Braga – Founded by the Celts in 300 B.C. and a Roman administrative centre in 27 B.C., Bracara Augusta, as the Romans named it, combines the religious importance with today’s commercial and industrial prosperity.
To visit: the Cathedral (12th-18th centuries), the Treasury and Sacred Art Museum; the Museum at the Biscainhos Palace; and the Dom Diogo de Sousa Museum.
Also deserving to be visited are the churches of Misericórdia (Renaissance), Pópulo (17th-18th centuries) and of Nossa Senhora Branca (18th century). On the outskirts, 5 km away from the centre, stands the Sanctuary of Bom Jesus do Monte, with its monumental Baroque staircase; the Sanctuary of Nossa Senhora do Sameiro; the ancient Monastery of Tibães, dating back to the Suevian period and rebuilt in the 11th century, and the Church of São Frutuoso de Montélios (7th century Visigothic temple).
Bragança – Majestic city, with medieval castle and walls, amongst which is the Domus Municipalis, a unique example of civic Romanesque architecture. Special mention must be made to the Cathedral (16th century), Santa Maria Church, Casa da Misericórdia Chapel, Santa Clara Convent and Church (16th century), São Bento Convent and Church (17th-18th centuries), and the Abade de Baçal Museum. At the Railways Museum, 19th century locomotives and carriages.
Accommodation: Pousada São Bartolomeu
Cabeceiras de Basto – contains various splendid manor houses, dating from the 17th, 18th and 19th centuries, and what is considered the best of the statues of the region, O Basto. Made of granite and representing the body of a warrior, it is assumed that it was built before the coming of the Romans; after the Napoleonic wars it gained, as a joke, the head of a French soldier. However, the main attraction of Cabeceiras de Basto is the ancient and splendid monastery of Refojos, with a dome that stands 33 metres (110 feet) high and statues of the Apostles and the archangel Michael.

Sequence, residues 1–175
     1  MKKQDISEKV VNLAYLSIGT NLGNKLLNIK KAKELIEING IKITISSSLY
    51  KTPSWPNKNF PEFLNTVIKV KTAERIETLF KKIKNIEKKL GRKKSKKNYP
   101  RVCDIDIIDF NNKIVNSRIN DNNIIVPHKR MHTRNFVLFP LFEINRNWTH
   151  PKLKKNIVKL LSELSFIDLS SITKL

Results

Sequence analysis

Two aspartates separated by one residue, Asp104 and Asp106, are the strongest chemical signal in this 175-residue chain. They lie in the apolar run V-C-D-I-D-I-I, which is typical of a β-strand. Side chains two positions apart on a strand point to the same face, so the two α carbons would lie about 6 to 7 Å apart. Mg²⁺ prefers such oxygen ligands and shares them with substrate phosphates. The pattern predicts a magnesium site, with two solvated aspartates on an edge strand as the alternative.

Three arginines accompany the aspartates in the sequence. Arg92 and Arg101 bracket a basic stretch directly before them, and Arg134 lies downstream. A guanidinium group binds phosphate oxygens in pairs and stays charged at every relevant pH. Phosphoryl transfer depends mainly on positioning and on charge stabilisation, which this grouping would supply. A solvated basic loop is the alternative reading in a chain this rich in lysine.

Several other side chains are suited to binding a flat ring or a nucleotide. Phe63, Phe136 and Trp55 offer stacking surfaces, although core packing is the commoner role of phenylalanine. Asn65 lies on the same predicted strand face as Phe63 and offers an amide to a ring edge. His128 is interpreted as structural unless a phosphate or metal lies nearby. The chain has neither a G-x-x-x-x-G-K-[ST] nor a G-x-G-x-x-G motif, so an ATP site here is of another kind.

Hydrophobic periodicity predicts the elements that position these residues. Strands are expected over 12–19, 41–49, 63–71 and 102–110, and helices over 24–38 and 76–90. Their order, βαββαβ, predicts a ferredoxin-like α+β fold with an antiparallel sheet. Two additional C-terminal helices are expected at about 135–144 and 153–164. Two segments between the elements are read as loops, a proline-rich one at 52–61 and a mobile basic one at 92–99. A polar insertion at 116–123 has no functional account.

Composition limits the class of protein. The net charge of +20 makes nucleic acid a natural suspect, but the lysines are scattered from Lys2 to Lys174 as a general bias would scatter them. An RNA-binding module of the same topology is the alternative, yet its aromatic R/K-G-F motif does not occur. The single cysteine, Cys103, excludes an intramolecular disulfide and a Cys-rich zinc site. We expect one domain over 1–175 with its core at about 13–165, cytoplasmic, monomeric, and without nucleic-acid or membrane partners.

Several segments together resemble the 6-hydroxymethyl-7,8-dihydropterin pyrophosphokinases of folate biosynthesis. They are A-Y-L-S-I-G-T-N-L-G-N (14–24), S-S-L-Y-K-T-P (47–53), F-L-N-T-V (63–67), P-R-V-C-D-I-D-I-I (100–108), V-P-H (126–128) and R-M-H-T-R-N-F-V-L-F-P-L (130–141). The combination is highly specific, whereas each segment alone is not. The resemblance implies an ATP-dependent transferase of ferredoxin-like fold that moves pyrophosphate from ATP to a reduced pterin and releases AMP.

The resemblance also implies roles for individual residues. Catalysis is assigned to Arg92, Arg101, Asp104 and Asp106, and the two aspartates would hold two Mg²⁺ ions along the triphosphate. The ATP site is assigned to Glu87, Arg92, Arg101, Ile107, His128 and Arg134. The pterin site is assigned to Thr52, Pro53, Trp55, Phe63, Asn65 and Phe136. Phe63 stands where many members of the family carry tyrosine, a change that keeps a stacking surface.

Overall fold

Caminha – the ancient fortress town of Caminha overlooks the river Minho and is rich in historical and architectural patrimony. The whole town is appealing, with its manorial houses and Medieval defensive walls that seem to whisper old tales and legends, the Gothic mother church, the attractive main square with popular cafés and exhibiting the 15th century Clock Tower, a Renaissance fountain and the 15th century mansion of Solar dos Pitas, with seven fine Manueline windows on the upper storey.
Chaves – The 14th-century keep of Chaves castle overlooks the town’s medieval square – Praça de Camões. Within the castle keep is a small military museum where suits of armour, uniforms and other regalia are on display. On the south side stands the parish church with its fine Romanesque portal. The Baroque Misericordia church opposite has an exquisite interior lined with 18th-century azulejo glazed tiles. A few minutes on foot from the city centre is one of the hottest springs in Europe. Water here bubbles up at a temperature of 73ºC (163º F). The spa’s facilities attract both tourists and people seeking the treatment of rheumatism, kidney disfuntion and hypertension.